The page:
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Hawai’i’s Shared Futures By Vision Foresight Strategy

Busy day plotting strategy

Good (early) morning, folks!  Today’s going to be another busy day, but while yesterday was chock full of more tasks than you could shake a fist at, today is full of meetings in which we’ll be helping to map out some high scale strategies.  We’re meeting with a couple of different groups today to discuss some new project ideas, and one of them deals with what I’ve taken to calling the “garage video” industry.  We’ll actually be looking at establishing an ecosystem of companies to develop a wider array of businesses and jobs within a couple of key industry sectors.  It’s yet early in the planning, but we’re all pretty excited.  In conjunction with this, we’ll be seeing if we can get our hands on some reliable and explanatory data on the current local economy and the array of business development policies that exist today.  We might ultimately be mapping out a high scale “strategy”; really articulating what is probably a disjointed collection of programs and policies.

Later today we’ll be entering into another session of our Energy Working Group that came out of last year’s Summit.  Today’s session ought to be fairly productive with some decisions on near-term deliverables.  The purpose of the group is to promote a clean energy future for Hawai’i, and we are at the point of articulating a clear and simple strategy for this year and linking that to some success objectives.  For anyone interested check out SummitNet.

Think about tomorrow.

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Filed under: Business, Economics, Energy, Summit

Managing web-based media

Aloha kakahiaka.  Today looks like it will be a fairly quiet day (fingers crossed).  Yesterday was eventful and valuable, and today should allow me at least to get some good thinking and writing done.  Busy is actually fun, but people actually need uninterrupted stretches of time to do really good research and writing, so I’m looking forward to today.

I just installed and will be trying out ScribeFire for Firefox, which allows users to post to their blogs from their browser without having to open up their blog homepage.  Just another step in the never-ending quest to manage and control information collection and dissemination.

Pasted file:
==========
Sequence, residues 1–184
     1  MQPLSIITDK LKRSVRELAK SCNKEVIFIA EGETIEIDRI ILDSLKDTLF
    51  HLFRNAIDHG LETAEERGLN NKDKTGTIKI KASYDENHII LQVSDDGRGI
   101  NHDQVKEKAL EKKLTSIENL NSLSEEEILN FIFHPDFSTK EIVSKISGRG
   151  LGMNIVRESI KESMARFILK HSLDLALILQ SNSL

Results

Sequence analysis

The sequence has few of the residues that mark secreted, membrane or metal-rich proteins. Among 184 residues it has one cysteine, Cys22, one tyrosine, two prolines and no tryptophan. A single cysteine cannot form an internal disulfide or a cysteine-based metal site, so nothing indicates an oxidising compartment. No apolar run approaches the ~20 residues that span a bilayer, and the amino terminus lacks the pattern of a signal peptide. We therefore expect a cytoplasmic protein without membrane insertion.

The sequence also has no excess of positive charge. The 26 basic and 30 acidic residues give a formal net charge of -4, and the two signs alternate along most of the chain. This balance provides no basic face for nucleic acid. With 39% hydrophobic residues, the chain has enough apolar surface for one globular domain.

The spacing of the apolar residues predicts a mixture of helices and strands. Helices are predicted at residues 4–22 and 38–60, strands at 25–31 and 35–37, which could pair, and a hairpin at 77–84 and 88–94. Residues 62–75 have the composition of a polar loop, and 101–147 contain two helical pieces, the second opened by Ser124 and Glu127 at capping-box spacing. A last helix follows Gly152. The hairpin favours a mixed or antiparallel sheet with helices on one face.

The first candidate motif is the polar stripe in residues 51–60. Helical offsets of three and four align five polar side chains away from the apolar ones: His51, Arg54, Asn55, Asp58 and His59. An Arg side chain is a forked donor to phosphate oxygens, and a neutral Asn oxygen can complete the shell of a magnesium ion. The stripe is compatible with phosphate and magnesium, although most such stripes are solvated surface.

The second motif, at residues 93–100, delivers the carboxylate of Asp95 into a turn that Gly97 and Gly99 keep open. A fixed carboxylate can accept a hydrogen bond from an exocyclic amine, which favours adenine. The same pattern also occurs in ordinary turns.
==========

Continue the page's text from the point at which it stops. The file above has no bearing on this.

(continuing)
And for those interested in energy futures, here’s a bit from Tech Review on using independent agents in an adaptive system to manage energy use.

And, we may be shortly adding something to our SummitNet site for the Hawai’i Futures Summit to collect ideas from people on topics and content for the 2009 Summit.

Filed under: Energy, Summit

Friday’s accomplishment challenge

Happy Friday, everyone.  While today was originally supposed to be a relatively quiet day and good for writing and productivity, it looks like we’re going to be a little more challenged in getting things done.  We’ve got some meetings now this morning, and so this afternoon looks to be a race across some strategy documentation for one of the nonprofits, some basic decisions on the civic media project, and tying down some questions with our Energy Working Group and future clients.

In the meantime, we still are working on completing the Hawai’i Futures Index and the original Energy Narrative.  These should be out soon, and I know some of you will find them very interesting.  And we have gotten the nonprofit future project officially rolling, so work on that has now begun.  Yeah!

Think about tomorrow.

Filed under: Civic Media, Energy, Nonprofit, scenarios

Looking for education

We’re prepping right now for an upcoming session on the future of education, and we’re pretty excited about the potential for provocative conversation and frank discussion of how to make positive change. A bit of research, a bit of briefing notes, and we’re looking for any really good sites people know about that have (serious) prescriptions for both improving as well as overhauling the education systems in the US. If you’ve got any to suggest, please let us know and we’ll happily check them out.

Tomorrow we’ll also be stopping in for some of the HCEI workgroup meetings, something that, if we can follow through on, could open up Hawai’i’s potential futures tremendously. It’s of course related to the energy working group on community engagement that emerged out of this past year’s Summit, the next meeting for which is on February 25. Good folks with serious hope for change. If you’re interested in learning more, sign on to SummitNet and we’ll start getting you connected.

Oh, and we’ll also be meeting on some other potential ‘future-of-Hawaii’ sessions for later this year, so if anyone has any suggestions as to what kind of work would be most inspiring to people, please let us know.

Think about tomorrow.

Filed under: Change, Education, Energy, Hawai'i, Summit

4-Day Work Week Mistake?

In recent months cities and states across the country have been debating and experimenting with the four day work week.  It has even hit the federal scene, with congressmen calling for a four day week in DC.  And in almost every case the driving concern has been the reduction of car fuel savings and energy costs for the employer.  And of course Hawaii is half-way through it’s state experiment and responses seem positive.  But will this response to a ‘crisis’ set in motion more difficult strategic challenges in the years ahead?